Meat and Vegetables

Copyright © Karl Dahlke, 2023

Some animals eat plants, and some animals eat other animals, which eat plants. We can eat animals or plants; we have the choice. Our teeth and our digestive system suggest we have eaten both over the past million years.

As our population reaches 8 billion, up from just 2.5 billion in 1950, it is fair to ask how many people our planet can support. Remember that Haber bought us a couple of centuries, by developing a nitrogen fixation process that creates ammonia, and then fertilizer for our crops. Without this process, society would have collapsed around 1970. We dodged that bullet, but that only postpones the inevitable. The earth can only support a finite population; no one can argue with that. Limiting factors include energy, arable land, and fresh water. It's time to reign in our expanding population! Is it also time to eat more efficiently?

Meat is inescapably inefficient; the reasoning is crystal clear. From birth to death, a cow keeps itself warm, because it is warm blooded. All that heat, all that energy, which ultimately comes from plants, goes into the air and not into your stomach. He also walks around, and moos, and even releases methane, which has its own wasted energy. So eat the plants, and cut out the middle-animal.

As a source of nutrition, plants are approximately ten times as efficient as animals. Seen another way, you can feed ten times as many people with plants as with animals. Here is an illustration: in terms of energy, eating one hamburger is equivalent to taking a 7 hour shower.

Does the same inefficiency hold for a chicken? It is warm blooded, like a cow, and it walks around, and squawks. So why is chicken more eco-friendly than beef? Why does it have a smaller carbon footprint?

You might say the chicken is smaller, and it is, but the cow feeds more people, so pound for pound that should not matter. Why is chicken easier on the environment, per meal served?

A cow takes 30 months to reach market - a chicken can be ready to eat in three months, sometimes two if they are bred for that purpose. A cow spends ten times as long generating heat, walking around, mooing, etc. Therefore, chicken is more efficient. Maybe that spicy chicken sandwich from Wendy's is equivalent to a one hour shower - but a burger sure tastes good now and then!

Fish is even more efficient. Why? Because they are cold blooded. They don't keep themselves warm. They lazily swim about in their cold water, and sometimes just lie on the bottom.

What is the most efficient meat of all? I'm defining meat as plant material turned into animal material for consumption. The answer might be crickets. These are raised on farms in Thailand, and in other countries as well. They are cold blooded, so let's start there, and they don't fly or expend a lot of energy, they just chirp. After a couple weeks they are ready to eat. The farmers fry them and sell them like snacks. I wasn't there but my friend was, and I told him he had to eat some, for the total experience. He did, and reported, “They weren't too bad, but on the whole I'd rather have a bag of potato chips for the same price.”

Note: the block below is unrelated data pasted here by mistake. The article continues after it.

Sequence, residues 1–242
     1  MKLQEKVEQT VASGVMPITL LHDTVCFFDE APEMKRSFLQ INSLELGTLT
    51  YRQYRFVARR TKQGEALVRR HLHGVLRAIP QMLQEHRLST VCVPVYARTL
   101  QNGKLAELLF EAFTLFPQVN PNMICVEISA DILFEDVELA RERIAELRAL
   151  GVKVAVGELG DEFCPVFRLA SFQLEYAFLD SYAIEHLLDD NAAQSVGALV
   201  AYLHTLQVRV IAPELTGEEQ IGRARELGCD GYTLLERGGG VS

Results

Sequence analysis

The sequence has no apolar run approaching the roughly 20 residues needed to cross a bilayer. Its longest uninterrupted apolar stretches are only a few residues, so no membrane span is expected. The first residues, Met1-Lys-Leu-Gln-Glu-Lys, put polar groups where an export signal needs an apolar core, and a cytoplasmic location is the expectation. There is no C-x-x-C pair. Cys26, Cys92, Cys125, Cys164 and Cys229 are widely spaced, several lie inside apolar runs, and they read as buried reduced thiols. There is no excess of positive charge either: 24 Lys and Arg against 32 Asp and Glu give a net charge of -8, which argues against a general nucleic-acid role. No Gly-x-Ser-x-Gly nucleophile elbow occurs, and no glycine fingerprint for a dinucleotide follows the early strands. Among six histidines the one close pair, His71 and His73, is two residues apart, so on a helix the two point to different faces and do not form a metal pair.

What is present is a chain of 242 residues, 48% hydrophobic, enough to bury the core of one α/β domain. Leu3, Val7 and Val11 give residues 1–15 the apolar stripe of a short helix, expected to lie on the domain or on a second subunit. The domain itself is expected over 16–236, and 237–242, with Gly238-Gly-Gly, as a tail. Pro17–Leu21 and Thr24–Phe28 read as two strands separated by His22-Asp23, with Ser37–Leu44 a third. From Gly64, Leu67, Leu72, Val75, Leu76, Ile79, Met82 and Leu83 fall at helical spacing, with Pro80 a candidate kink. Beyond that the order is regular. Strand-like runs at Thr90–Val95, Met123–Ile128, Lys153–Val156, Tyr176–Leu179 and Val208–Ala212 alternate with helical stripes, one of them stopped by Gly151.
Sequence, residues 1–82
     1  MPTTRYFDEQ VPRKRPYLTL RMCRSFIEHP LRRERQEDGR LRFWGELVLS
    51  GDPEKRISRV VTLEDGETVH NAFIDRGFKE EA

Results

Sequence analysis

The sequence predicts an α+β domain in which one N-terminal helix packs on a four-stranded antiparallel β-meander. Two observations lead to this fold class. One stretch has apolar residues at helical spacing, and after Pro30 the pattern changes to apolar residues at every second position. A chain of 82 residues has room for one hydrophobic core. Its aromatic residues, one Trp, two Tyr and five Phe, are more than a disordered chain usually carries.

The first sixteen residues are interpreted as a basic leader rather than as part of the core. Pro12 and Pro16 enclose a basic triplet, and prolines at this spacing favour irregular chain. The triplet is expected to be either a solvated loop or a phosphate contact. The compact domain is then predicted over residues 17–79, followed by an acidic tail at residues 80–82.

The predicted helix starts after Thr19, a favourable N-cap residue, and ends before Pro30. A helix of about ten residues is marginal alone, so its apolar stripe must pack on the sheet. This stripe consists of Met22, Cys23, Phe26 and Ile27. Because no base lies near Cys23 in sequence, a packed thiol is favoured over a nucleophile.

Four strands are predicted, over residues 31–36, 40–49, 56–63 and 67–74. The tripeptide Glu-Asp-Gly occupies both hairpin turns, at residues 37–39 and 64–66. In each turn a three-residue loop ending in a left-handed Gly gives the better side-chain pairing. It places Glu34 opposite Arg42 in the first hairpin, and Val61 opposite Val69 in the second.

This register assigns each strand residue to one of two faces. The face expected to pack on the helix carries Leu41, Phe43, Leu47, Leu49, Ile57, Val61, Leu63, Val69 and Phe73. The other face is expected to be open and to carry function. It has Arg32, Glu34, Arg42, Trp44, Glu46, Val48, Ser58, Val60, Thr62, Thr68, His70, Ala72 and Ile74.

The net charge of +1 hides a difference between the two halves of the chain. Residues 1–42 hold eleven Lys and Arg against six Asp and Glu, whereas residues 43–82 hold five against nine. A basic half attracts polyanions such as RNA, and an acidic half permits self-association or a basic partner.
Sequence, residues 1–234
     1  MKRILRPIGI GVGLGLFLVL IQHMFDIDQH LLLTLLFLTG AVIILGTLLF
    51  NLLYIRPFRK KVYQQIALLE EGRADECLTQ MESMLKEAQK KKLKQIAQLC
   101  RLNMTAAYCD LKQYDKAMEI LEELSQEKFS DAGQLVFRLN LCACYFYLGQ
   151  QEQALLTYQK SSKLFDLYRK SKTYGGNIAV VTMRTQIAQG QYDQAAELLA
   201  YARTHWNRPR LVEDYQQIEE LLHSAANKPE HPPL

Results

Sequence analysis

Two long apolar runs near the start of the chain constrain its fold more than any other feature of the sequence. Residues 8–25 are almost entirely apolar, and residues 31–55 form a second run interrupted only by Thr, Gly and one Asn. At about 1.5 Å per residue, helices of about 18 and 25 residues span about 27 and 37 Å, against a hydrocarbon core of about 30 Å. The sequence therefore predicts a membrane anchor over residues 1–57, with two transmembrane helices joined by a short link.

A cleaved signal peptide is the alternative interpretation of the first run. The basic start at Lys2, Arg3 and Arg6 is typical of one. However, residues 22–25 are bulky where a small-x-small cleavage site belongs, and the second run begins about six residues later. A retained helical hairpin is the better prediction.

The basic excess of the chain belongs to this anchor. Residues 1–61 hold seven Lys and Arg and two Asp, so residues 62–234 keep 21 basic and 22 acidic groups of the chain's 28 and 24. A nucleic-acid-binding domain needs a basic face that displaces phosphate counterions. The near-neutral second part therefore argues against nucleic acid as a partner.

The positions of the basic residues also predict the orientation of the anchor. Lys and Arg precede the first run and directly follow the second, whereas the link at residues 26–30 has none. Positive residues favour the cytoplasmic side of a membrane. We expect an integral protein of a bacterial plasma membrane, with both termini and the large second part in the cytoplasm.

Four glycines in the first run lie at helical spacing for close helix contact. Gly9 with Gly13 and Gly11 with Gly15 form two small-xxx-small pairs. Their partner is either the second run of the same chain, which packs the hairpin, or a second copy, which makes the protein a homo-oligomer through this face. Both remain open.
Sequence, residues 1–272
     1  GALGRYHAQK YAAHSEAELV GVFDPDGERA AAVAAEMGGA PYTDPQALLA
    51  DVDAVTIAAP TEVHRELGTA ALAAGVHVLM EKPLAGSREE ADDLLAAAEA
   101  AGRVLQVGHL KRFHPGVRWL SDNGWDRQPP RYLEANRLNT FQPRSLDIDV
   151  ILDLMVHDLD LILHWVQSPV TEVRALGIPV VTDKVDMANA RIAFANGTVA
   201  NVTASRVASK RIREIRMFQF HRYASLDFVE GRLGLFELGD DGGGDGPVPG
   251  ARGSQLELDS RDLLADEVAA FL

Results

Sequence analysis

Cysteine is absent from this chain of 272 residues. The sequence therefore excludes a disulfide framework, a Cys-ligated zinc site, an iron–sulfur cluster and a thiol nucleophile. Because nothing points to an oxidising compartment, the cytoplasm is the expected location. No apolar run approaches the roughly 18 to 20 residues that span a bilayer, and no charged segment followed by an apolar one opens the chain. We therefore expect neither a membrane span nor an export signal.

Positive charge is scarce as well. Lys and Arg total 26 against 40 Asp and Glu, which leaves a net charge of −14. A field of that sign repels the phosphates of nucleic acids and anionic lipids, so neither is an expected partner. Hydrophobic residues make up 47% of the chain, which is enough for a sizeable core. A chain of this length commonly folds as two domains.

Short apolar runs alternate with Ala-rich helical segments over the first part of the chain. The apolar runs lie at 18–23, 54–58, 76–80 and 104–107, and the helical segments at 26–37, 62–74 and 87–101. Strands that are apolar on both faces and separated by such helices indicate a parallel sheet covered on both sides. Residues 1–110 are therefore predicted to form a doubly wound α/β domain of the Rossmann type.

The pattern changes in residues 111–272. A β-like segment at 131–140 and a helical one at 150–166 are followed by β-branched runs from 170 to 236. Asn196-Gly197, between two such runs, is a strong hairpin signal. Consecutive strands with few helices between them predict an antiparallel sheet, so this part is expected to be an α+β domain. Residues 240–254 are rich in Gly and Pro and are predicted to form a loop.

I'm not going to stand on a soapbox and say everyone should be a vegetarian, for a couple of reasons. First, it would be hypocritical. I eat meat almost every day and I like it! I try to cut back, and conserve, but I just have to have some meat on my plate. And no, the plant-based meats don't cut it, at least not for me, although I have friends who eat soy meat and enjoy it.

There are other considerations too. I spent a summer in Botswana, in the Kalahari Desert. They coax some vegetables out of the ground for variety, but not enough to feed their people. Most of the sand is left to nature, which provides an array of shrubs, cacti, and the amazing acacia tree. I touched one, ever so gently, and came away with tiny nettles in my hand, that had to be removed one by one. Meantime, a goat came up and munched on the tree with his rubbery lips like it was candy. Animals can eat the flora of the Kalahari, and we cannot. It's that simple. In this setting, it makes sense to eat the animals - there really is no alternative. Fortunately the population of Botswana, and other desert nations, is not large.

In the United States, where I live, one can certainly survive on fruits and vegetables. I know many people who do. I'm sure I will always eat meat, but I could eat less - an appropriate portion is the size of a deck of cards - and I could eat more chicken and fish, and less beef and pork.

Remember your macronutrients: proteins, fats, and carbohydrates. Fruits and vegetables don't have a lot of protein, so if you do become a vegetarian, you must balance your vegetables carefully. It is not a trivial task. Legumes (beans and peas) are essential in this effort, as they contain more protein. Do your research, and if unsure, consult with a doctor or dietician.